A family in New York is fighting for the rights of parents to opt their children out of vaccines.
Ron and Rita Palma of Bayport, New York, have been fighting for the right to opt their children out of the vaccines that public schools require children have before attending school. Parents are allowed to opt out of the medical requirement if they cite objections on religious grounds. The Palmas did so, citing their Catholic faith as a reason, but they were met with resistance from the Bayport-Blue Point Union Free School District. Rita Palma explains. "I handed in my letter, handed in my application, and they called me in and insisted that I come in for a face-to-face interview," she shares. "Now I know other people in the community who have gone through this, so I talked to some lawyers. I knew that they [school officials] were within their legal boundaries, and I really didn't think that it was going to be all that much of a problem. You know, my feelings were true, my beliefs fit squarely with the law -- so I complied." But Palma says she and her husband were grilled for two hours by the school's attorney, David Cohen. She refers to the session as a "sincerity interview." Following is an excerpt from that meeting:
Cohen: "If you believe God is on your side, does that mean he's not on the side or can he be on the side of somebody who believes in immunization?" Rita: "Mr. Cohen, I wouldn't know. I know my deepest, most spiritual beliefs. I don't know the belief system of others and..." Ron: "And nor do we control God." Rita: "Yeah." Cohen: "Okay." Rita: "I wouldn't know."
Rita says the attorney concluded that her beliefs were not "sincere" enough and decided to deny her vaccine waiver. She is now taking her fight to the New York State Capitol. Videos of the Palmas' session with Cohen are available on YouTube (Part 1 / Part 2 / Part 3) (view all three parts).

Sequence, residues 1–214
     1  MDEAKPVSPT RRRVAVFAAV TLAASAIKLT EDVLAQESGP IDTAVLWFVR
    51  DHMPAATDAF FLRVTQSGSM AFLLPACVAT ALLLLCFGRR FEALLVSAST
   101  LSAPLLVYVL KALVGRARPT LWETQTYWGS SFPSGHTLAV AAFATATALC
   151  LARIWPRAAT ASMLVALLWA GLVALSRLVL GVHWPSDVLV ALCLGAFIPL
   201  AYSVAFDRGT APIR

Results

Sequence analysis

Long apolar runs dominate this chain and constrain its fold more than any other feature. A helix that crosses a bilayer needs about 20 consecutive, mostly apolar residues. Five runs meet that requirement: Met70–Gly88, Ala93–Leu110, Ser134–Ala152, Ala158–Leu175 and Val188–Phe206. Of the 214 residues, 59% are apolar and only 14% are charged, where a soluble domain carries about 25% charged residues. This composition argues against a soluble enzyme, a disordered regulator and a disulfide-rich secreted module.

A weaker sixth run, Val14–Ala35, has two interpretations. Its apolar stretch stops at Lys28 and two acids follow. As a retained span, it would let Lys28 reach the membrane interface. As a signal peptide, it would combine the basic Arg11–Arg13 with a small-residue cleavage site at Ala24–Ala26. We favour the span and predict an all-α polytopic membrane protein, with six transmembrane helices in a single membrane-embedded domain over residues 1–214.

In an interview with OneNewsNow, Rita Palma claims David Cohen, the school's attorney, tried to intimidate her in the questioning process. "He has been named in enough publications where I'm sure he has experienced some pressure -- and some not-so-nice pressure -- from other sources criticizing his actions," she says. "My assemblywomen actually wrote a letter to my school district...criticizing their actions." Rita is currently working with state lawmakers to pass New York Bill A00883, which would amend existing law to ban so-called "religious sincerity tests." "Rather than appeal this decision, the route that I chose to take is to change the law," says Rita. "[I hope] to really compel school districts to accept the [opt-out] letter at face value, and make it illegal for school districts to close the door and ask you what your belief system is all about." Rita is also working to help pass New York Bill A00880, a bill that would make medical waivers accepted at face value. According to Rita, she handed the school a medical waiver from her doctor that would exempt her son from vaccines, but the school rejected that as well. OneNewsNow asked Rita if she had considered private school or home school. She replied that her children really like their current teachers, and apart from the vaccine issue they have no complaints. Rita also explains that private school would put undue financial pressure on the family; but if they do decide to switch schools, she wants the choice to be hers -- and not something the public school forces them to do because of the vaccine issue. Rita operates the website MyKidsMyChoice.com, which assists parents who also wish to opt out of childhood vaccines.